5 ways to cultivate creativity for a life fully lived

5 ways to cultivate creativity for a life fully lived ~SimpleHomeschool
Written by contributor Kari Patterson of Sacred Mundane

“All children are artists, and it is an indictment of our culture that so many of them lose their creativity, their unfettered imaginations, as they grow older.”
—Madeleine L’Engle, Walking on Water: Reflections on Faith and Art

We were neck-deep in The Story of the World history curriculum.

The Kingfisher and Usborne encyclopedias were stacked high on my lap, the kids leaning in close, interrupting every other sentence with, “What’s that?” “Why did they do that?” “What does that word mean?”

(Every lesson takes twice as long when the kids are actually learning something.)

I glanced at the clock; I was way behind schedule for the morning. We had finished the lesson on archeology, when both kids jumped up off the couch, a surge of creativity lighting their eyes:

“I know! Mommy, can we do an archeology dig right now? Can we dig for clues about what people used to live like? And can we put all the clues together and make a book about it?!!”

I glanced down at the list of “school” left for the day and knew what the right answer was:

“Absolutely! Let’s go!”

Within two minutes they were dressed for adventure—bandanas, notebooks, magnifying glass. The rest of the afternoon was spent outside, digging in the dirt. Sticks were dinosaur bones, rocks were bits of weaponry, some old weed-barrier cloth was surely primitive clothing.

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Someday their cursive may be sorely lacking, but their creativity will never be. 

See, the cultivation of creativity is one of our homeschooling goals. Why?

Because creativity enables us to live fully alive. As Madeleine L’Engle says,

“Unless we are creators we are not fully alive. … Creativity is a way of living life, no matter our vocation or how we earn our living.” ~ Walking on Water: Reflections of Faith and Art

Creativity enables us to empathize with others, because we easily imagine what it might feel like in their shoes. Creativity equips us to imagine solutions, inventions, innovations. Creativity prevents boredom, inspires leadership, and protects from a life of lemming-hood.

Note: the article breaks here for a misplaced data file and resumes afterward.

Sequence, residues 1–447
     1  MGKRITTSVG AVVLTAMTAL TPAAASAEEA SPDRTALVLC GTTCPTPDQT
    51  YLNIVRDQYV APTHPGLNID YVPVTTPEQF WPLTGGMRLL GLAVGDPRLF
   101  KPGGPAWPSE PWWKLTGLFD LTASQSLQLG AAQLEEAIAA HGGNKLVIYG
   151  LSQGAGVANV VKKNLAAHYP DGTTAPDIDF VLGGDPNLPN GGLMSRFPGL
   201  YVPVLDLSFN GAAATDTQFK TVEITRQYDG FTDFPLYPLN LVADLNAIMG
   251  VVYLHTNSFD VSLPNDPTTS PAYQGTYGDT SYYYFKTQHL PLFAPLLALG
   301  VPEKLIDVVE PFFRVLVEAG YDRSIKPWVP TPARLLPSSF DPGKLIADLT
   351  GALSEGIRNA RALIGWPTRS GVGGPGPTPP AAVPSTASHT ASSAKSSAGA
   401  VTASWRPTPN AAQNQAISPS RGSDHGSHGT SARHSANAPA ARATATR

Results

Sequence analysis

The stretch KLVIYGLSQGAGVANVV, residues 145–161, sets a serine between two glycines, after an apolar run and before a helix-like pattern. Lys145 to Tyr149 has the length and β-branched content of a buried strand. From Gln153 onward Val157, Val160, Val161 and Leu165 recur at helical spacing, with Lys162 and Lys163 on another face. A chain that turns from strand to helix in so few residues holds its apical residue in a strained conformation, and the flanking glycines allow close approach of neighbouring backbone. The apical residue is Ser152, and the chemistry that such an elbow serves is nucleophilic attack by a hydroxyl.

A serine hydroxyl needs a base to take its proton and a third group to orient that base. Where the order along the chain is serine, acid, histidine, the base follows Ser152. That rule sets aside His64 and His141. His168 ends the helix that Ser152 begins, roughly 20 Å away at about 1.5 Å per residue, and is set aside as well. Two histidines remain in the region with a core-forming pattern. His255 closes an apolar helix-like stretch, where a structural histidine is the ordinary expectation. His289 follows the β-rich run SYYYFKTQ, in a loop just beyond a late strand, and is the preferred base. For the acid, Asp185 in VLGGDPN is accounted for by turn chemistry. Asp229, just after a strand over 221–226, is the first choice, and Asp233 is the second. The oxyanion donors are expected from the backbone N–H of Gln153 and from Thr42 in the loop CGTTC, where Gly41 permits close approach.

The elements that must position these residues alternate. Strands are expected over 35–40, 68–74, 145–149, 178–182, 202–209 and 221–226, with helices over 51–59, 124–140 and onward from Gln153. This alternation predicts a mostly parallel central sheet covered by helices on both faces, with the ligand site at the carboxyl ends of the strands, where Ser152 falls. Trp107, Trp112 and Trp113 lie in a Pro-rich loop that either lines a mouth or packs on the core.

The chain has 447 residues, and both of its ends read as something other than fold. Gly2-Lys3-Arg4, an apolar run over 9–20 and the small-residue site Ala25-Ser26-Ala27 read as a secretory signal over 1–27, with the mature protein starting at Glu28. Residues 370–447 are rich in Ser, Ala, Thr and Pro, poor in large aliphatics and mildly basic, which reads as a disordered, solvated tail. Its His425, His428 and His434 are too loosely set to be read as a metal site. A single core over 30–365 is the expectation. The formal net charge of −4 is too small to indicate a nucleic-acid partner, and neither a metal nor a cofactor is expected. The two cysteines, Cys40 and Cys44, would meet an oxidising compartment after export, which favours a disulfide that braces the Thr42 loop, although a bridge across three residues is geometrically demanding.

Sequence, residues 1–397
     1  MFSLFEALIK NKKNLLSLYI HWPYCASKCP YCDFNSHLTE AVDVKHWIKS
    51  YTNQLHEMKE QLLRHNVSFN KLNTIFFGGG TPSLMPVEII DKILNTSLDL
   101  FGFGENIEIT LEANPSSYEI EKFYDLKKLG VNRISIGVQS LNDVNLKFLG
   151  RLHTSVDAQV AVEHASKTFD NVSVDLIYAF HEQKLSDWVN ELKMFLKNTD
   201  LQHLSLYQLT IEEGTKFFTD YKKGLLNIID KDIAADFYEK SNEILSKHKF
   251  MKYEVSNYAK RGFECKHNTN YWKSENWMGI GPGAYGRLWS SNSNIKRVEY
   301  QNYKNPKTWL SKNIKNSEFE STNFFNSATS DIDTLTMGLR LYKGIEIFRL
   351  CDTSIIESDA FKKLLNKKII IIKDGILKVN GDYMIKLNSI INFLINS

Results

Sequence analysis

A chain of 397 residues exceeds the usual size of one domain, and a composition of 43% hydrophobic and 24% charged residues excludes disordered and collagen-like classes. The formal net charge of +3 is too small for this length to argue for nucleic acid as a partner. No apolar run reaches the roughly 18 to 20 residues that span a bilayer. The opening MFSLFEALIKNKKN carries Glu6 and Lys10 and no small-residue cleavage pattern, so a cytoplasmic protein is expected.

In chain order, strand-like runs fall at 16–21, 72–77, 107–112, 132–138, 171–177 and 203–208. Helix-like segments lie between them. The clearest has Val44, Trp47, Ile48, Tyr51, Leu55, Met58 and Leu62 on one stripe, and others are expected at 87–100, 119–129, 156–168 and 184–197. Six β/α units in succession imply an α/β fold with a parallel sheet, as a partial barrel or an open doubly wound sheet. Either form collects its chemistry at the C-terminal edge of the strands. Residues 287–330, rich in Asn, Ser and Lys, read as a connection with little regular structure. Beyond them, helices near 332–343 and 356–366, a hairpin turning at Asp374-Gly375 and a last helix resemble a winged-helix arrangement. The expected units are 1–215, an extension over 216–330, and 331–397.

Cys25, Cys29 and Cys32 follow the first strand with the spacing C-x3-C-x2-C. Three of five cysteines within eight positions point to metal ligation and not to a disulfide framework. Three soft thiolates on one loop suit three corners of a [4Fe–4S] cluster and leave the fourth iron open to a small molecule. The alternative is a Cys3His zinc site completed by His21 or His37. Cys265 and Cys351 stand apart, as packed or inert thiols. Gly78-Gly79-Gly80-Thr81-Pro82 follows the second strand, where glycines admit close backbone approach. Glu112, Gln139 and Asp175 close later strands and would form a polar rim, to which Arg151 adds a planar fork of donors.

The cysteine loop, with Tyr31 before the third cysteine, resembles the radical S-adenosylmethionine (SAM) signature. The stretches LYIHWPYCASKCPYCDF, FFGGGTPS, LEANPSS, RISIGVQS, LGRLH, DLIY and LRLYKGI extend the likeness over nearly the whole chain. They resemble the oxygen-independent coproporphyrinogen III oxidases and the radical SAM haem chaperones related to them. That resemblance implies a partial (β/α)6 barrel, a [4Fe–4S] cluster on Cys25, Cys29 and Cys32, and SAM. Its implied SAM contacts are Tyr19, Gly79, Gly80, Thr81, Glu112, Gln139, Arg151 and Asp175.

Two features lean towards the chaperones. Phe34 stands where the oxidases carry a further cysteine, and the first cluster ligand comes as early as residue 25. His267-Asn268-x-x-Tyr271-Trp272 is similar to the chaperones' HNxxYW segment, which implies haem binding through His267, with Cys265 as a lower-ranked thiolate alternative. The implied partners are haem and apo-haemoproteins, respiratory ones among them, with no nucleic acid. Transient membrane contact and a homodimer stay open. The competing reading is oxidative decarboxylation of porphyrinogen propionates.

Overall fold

Creativity enables us to believe. (What is faith, if not informed imagination?)

Creativity enables us to live fully alive.

So how does this happen?

With curriculum as a catalyst. Discipline as a diving board.

For our homeschool days, cultivating creativity begins with using curriculum as a catalyst. Following a guide doesn’t box us in, it opens up new doors for us to walk through.

Through curriculum we enter new spaces we never knew existed.

And discipline is the diving board. As L’Engle says, “Inspiration usually comes during work rather than before it.” It is through steady, consistent discipline or routine that we learn the skills that free us to be creative.

Without some structure, curriculum, discipline, my days don’t feel creative–they feel chaotic. But when we have done the chores, recited the lines, practiced the penmanship, and dived into the books, we find ourselves on the edge of a magnificent diving board, high above a vast pool of knowledge, experience, wisdom, beauty, joy.

So this is what I picture in my mind:

Each morning we get up, we climb step-by-step up the diving board ladder, by discipline and order, structure and consistency, and then at the top, we face the beauty of the rest of our day–open and free to swim in the depths of experience and creativity.

We tip-toe carefully out to the edge …

And we dive in.

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Cultivating Creativity in Our Children

Though I am no expert, here are a few simple ways to cultivate creativity in your children, for a life fully lived:

1. Start with Consistency & Discipline.

As stated above, we aren’t free to swim in the depths of creativity until we’ve mastered our habits.

A chaotic, messy, disordered environment does not necessarily mean creativity is being cultivated. In fact, gifted creatives can find life frustrating unless they’ve learned the skills of order and self-discipline.

2. Limit Electronics.